Released from prison, the felonious class-actioneer plans to join Dean Erwin Chemerinsky’s left-leaning new University of California law school to lecture students on the topic of “Regulation of Free Market Capitalism — Why Have We Failed?”. He also apparently intends to claim the time spent in this propagandistic effort toward his community service obligation. In an interview with Diane Bell of the San Diego Union-Tribune, he says of his past legal practice: “I would not have done anything differently.” “I also intend to be active in progressive political activities probably with the Campaign for America’s Future,” he says. [Sign On San Diego, WSJ Law Blog, Ribstein; cross-posted from Point of Law]
The founding dean of the ideologically charged new law school at the University of California, Irvine, is already taking a hand in Orange County public affairs by suing the town of Laguna Beach on behalf of homeless persons: he and his public-interest-law colleagues “want a federal judge to enjoin enforcement of Laguna’s anticamping ordinance until the city builds more no-strings-attached homeless housing.” [Heather Mac Donald, WSJ] More: Chemerinsky offers to debate Mac Donald.
Sixty new lawyers, at
taxpayer the expense of funds that would otherwise go to his public law school’s endowment.
A new law school [University of California, Irvine] opening next fall in Southern California is offering a big incentive to top students who might be thinking twice about the cost of a legal education during the recession: free tuition for three years. …
Scholarship winners will be chosen for their potential to emerge three years later as legal stars on the ascendance. Only the best and brightest need apply, but the school hopes to offer full scholarships to all 60 members of its inaugural class in 2009. Subsequent classes will be on a normal tuition basis.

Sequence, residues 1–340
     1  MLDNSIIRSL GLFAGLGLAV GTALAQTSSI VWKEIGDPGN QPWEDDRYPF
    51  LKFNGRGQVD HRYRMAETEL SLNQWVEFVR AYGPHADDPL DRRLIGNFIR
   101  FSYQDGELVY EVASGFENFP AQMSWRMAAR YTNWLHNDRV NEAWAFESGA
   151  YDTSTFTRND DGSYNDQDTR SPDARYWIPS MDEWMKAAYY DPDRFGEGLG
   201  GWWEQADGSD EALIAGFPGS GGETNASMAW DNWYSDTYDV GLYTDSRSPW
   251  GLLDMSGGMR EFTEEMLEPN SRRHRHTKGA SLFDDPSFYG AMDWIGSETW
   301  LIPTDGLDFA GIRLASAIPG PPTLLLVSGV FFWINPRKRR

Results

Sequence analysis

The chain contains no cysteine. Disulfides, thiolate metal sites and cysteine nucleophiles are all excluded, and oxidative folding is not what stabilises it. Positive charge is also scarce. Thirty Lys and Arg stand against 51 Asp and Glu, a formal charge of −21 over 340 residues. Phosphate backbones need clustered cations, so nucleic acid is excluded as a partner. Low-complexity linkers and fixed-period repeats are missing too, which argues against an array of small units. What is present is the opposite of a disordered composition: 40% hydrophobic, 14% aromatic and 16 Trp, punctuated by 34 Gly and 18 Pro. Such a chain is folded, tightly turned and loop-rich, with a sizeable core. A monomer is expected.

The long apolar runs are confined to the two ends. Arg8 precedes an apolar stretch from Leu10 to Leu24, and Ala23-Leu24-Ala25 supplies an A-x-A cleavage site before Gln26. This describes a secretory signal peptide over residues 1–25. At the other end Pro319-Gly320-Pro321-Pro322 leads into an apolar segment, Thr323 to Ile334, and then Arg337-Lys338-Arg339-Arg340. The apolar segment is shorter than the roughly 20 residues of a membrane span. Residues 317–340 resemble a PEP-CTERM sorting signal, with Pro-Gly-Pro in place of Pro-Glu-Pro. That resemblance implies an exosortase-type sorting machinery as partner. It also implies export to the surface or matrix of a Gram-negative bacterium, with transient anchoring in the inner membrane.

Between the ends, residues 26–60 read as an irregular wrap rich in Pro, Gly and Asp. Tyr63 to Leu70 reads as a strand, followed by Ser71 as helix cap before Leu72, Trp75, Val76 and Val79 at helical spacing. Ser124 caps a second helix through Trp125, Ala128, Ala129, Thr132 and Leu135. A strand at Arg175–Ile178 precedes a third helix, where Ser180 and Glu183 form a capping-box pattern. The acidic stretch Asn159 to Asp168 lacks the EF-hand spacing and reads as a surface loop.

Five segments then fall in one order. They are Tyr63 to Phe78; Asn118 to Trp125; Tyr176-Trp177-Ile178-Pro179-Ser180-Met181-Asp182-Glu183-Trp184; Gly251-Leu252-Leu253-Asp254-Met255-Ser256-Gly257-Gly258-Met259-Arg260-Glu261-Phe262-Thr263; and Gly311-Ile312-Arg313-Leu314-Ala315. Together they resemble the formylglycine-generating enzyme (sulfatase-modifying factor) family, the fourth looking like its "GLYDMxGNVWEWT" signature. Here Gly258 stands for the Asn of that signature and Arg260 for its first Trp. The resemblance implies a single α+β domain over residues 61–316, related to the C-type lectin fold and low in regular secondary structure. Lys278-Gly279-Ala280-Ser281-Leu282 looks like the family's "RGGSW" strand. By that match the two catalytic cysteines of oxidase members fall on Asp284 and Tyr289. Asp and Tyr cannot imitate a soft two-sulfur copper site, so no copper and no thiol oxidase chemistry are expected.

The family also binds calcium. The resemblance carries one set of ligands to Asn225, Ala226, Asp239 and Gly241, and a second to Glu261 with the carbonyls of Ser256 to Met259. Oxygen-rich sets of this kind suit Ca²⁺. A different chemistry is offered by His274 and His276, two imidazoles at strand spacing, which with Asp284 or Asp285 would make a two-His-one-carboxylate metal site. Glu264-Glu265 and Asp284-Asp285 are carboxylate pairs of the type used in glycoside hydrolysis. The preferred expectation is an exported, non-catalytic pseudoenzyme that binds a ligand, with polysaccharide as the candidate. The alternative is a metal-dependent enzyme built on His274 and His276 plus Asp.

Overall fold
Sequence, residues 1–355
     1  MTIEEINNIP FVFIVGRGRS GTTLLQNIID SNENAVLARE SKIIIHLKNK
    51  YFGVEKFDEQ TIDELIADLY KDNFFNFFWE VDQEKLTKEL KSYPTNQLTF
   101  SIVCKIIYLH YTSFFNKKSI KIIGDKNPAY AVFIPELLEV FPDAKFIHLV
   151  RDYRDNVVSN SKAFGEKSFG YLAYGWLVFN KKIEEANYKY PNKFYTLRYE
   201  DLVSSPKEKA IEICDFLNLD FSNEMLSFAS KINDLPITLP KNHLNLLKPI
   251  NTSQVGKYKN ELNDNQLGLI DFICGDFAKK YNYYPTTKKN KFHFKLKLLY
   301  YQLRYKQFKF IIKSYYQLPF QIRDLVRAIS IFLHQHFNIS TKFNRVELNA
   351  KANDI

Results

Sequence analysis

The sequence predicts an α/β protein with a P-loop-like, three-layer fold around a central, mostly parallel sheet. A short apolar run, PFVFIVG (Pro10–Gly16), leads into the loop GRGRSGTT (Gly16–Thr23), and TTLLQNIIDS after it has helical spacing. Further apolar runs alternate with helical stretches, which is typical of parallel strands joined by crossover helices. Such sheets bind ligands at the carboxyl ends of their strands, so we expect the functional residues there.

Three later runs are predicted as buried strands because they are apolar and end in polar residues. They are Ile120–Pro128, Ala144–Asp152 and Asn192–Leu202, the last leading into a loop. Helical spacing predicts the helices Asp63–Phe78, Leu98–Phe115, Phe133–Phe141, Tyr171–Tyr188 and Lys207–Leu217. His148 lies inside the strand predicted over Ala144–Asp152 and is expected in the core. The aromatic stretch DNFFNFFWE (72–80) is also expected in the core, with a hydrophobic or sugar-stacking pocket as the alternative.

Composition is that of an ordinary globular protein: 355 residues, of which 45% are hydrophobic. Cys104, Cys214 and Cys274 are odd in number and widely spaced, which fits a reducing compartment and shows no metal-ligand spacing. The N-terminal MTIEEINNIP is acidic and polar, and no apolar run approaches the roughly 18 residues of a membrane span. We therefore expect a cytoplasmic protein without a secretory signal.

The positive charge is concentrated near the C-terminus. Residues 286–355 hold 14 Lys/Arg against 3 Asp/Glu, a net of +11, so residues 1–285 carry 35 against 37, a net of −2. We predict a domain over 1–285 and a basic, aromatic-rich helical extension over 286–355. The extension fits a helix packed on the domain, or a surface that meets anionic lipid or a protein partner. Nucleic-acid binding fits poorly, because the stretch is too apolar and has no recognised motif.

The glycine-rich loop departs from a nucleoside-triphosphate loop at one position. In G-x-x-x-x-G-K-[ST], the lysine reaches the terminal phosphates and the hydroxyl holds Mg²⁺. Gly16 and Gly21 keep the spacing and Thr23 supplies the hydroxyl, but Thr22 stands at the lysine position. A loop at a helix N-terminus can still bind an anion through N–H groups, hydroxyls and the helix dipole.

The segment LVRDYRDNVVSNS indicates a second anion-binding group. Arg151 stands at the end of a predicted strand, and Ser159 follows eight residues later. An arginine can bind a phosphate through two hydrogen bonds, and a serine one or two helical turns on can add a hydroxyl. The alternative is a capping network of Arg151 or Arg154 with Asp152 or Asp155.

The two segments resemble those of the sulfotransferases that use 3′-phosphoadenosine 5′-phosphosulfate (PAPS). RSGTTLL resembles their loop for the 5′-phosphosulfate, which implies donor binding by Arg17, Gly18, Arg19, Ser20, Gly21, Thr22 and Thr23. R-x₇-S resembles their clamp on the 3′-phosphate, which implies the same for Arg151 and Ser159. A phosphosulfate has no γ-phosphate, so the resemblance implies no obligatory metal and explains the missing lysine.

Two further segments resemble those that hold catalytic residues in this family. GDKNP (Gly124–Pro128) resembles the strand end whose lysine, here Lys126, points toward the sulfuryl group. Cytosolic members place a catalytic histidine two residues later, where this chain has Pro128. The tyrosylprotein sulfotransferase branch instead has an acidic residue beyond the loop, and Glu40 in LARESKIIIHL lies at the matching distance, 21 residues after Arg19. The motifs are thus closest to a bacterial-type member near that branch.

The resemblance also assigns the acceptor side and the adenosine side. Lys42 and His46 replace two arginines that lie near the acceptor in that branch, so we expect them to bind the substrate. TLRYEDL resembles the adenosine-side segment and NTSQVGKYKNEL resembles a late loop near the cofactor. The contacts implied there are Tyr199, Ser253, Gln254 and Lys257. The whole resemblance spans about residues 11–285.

Chemerinsky, who knows something about the difficulty of landing a job at the top of the legal world, is certainly taking a bold stab at leapfrogging the competition with this offer. And while in Southern California one has to be careful not to trip over unemployed lawyers while strolling on the sidewalk, we’d certainly encourage Overlawyered readers who’ve always wanted to live the dream to apply.
Via Talkleft, which is also encouraging its readers to fill these spots. Two can play that game!
Edit: Thanks to reader Jwill for a valuable correction.
Erwin Chemerinsky writes a not-especially honest review of the most recent Supreme Court term. He falsely characterizes the Roberts Court as “a solid conservative voting majority,” notwithstanding the numerous decisions where conservatives were not in the majority, or where the majority decision fell far short of conservative ideals. He characterizes the divided Philip Morris v. Williams decision as “conservative,” even though it was Breyer and Souter in the majority and Scalia and Thomas in the dissent. He complains that conservatives “defer to the government in the face of most claims of individual rights,” but gives no mention of last term’s Wisconsin Right to Life v. Federal Election Commission, where five conservative justices reasserted first amendment rights for political speech over the dissent of Breyer, Souter, Ginsburg, and Stevens, who wanted to preserve the government ban on speech. We’ll ignore that Chemerinsky takes the typical liberal tactic of characterizing legal rules as favoring either businesses or consumers/employees—we all know darn well that many “pro-business” legal rules favor consumers and employees as a group ex ante.
Chemerinsky is entitled to his left-wing opinion, though one might justifiably complain that he’s not entitled to his own facts. But what I certainly object to is the fact that this is being distributed and printed by the State Bar of California in the California Bar Journal, and advertised at the top of the State Bar of California website, since I am required to pay the California Bar hundreds of dollars a year, and have no way of getting a refund for the fishwrap mailed to me every month. This sort of partisan activity strikes me as a highly unethical use of my dues, and I hope someone in California is doing something about it.
(Earlier: Coleman; Bainbridge.)